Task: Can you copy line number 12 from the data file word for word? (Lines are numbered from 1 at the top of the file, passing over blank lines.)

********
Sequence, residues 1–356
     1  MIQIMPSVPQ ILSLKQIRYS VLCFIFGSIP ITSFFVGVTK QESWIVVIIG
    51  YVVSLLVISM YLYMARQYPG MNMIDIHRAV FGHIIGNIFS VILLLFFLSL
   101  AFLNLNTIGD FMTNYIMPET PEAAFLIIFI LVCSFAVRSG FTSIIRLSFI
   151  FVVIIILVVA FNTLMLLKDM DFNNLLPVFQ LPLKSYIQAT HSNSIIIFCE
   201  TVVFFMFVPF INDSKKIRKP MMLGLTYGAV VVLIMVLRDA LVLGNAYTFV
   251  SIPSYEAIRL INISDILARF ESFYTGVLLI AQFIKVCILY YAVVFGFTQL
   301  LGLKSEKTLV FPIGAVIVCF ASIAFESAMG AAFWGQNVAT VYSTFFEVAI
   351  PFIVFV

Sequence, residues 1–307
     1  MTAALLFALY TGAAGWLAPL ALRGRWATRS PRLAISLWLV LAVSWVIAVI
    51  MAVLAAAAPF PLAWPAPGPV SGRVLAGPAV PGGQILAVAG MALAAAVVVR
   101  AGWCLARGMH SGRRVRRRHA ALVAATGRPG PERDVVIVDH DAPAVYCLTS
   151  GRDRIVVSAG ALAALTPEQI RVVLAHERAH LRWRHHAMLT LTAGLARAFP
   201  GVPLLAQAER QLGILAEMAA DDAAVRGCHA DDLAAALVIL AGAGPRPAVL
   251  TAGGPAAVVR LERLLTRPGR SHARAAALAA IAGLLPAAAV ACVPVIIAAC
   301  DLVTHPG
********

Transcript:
    51  MAVLAAAAPF PLAWPAPGPV SGRVLAGPAV PGGQILAVAG MALAAAVVVR